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THE UNITARY PATENT AND UNIFIED PATENT COURT – THE ESSENTIALS YOU NEED TO KNOW

  1. It’s radical
    The Unitary Patent and Unified Patent Court is not yet in operation. However, the changes proposed are the biggest witnessed in the European patent sector since the 1970’s. Essentially, the Unitary Patent is a new intellectual property right. It will mean that three types of patents will be available in Europe: national patents, ‘classical’ European bundle patents and new Unitary Patents.
  2. All change
    The proposed system will mean that instead of enforcing and invalidating a patent in each jurisdiction, European patents will be able to be granted with unitary effect and enforced in one action before the Unified Patent Court.
  3. Structure
    The Unified Patent Court will have jurisdiction over European patents with unitary effect, classical European patents, and Supplementary Protection Certificates. The Court of First Instance will be made up of Local Divisions, Regional Divisions and a Central Division.
  4. Act now
    Having a single system will make it easier to obtain patent protection across the majority of Europe. However, it will also make it possible to challenge patents and prevent distribution of goods across the countries involved. It is therefore imperative that businesses understand the system and take action now to avoid lost opportunities and costly mistakes.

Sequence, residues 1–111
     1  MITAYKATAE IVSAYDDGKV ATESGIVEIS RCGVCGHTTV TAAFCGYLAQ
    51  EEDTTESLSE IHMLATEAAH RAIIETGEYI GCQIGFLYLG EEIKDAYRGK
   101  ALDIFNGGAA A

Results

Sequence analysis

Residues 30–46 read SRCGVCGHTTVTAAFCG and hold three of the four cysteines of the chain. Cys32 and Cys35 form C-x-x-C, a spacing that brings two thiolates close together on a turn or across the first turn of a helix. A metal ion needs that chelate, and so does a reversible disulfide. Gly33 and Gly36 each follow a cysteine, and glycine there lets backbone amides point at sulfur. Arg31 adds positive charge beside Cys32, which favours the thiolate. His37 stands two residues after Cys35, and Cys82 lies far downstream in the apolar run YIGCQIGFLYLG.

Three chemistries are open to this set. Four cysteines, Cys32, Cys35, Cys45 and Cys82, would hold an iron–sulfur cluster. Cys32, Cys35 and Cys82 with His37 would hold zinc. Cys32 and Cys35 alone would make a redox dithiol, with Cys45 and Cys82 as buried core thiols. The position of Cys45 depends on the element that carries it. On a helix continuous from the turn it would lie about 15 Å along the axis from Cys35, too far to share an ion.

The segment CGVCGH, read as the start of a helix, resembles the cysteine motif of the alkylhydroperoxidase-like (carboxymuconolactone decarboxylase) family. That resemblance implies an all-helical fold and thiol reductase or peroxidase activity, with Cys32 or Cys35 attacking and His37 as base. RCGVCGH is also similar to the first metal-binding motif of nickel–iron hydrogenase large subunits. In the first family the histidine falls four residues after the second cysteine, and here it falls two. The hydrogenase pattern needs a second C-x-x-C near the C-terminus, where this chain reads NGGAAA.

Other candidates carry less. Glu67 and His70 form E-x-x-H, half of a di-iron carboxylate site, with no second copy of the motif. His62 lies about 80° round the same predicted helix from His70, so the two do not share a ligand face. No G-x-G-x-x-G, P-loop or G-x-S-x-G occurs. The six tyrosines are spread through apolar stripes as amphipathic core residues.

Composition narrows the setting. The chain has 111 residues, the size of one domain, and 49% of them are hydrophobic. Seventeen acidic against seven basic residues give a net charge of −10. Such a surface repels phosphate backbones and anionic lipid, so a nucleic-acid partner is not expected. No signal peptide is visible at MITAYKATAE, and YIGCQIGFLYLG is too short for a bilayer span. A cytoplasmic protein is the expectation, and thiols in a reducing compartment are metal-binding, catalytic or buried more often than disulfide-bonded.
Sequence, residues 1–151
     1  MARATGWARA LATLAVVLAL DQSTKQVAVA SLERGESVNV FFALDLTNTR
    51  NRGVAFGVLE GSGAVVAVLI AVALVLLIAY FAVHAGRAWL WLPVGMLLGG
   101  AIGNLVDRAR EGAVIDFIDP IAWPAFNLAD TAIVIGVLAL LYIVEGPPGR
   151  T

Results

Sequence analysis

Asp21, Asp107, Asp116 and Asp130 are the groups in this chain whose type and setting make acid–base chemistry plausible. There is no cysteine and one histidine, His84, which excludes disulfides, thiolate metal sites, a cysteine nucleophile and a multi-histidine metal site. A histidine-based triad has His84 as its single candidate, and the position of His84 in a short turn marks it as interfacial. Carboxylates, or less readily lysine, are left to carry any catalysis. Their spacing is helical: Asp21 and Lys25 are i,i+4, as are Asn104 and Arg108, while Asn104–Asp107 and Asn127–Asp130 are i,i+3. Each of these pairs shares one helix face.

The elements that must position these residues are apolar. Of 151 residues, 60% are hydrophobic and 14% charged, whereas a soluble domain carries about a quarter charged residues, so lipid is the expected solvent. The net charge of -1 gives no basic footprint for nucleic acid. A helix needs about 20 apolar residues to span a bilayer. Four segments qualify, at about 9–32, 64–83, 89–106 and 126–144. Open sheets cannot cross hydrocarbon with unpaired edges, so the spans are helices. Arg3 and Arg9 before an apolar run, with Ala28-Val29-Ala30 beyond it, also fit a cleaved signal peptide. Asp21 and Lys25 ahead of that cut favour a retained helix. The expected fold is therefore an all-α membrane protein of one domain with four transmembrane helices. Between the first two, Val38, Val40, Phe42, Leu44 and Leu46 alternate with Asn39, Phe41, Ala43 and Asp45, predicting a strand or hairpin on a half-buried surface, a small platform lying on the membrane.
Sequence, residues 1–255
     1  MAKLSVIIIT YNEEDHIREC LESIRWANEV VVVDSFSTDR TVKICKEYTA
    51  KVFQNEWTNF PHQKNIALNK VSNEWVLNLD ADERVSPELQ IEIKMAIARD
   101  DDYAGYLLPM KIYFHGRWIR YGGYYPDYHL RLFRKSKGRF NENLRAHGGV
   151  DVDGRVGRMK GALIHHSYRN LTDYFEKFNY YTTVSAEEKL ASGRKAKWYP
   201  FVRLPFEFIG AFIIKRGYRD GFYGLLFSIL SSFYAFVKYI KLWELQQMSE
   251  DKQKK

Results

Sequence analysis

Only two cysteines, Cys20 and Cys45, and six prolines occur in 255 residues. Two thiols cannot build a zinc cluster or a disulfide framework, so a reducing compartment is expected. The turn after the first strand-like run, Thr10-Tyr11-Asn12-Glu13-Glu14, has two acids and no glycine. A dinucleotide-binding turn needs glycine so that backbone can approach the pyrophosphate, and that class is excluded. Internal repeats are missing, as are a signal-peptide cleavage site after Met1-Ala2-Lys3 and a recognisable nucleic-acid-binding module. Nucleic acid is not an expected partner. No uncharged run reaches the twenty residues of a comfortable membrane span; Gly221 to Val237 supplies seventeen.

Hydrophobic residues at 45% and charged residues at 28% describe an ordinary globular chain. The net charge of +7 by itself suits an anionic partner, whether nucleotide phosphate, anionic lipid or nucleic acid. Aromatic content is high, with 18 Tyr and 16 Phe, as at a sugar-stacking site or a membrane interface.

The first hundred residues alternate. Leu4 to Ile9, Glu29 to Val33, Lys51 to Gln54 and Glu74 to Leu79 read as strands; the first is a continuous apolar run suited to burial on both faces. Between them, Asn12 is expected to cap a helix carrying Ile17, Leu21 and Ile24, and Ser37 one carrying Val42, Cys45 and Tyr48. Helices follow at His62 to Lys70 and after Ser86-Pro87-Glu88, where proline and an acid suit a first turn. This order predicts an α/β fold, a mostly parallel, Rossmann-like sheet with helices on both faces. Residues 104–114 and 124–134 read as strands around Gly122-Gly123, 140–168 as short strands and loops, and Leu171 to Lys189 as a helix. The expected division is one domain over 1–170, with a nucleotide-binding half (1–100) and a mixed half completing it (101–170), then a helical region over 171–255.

5. Opting out
    A key issue for existing holders of European patents is whether to opt out of the Unified Patent Court system during the seven year transitional period. It may be a prudent step for those with ‘crown jewel’ patents to opt out. By doing this the risk of EU wide (participating member states) patent revocation by a new court is removed. The opt out status could be withdrawn later to allow EU wide (participating member states) enforcement of the same patent at a later date.
  6. Unitary Patent or classical European patent?
    The answer will in part depend on the geographical scope of protection needed for the technology in question. Cost of renewal fees will naturally play a part in the decision making process. A classical European patent gives greater flexibility in terms of renewals in that some territories can be ‘dropped’ during the lifetime of the patent, with associated cost savings.
  7. When will this happen?
    The provisional timetable is that the Unified Patent Court (UPC) will be operational in December 2017, with ‘opt outs’ possible from early September 2017.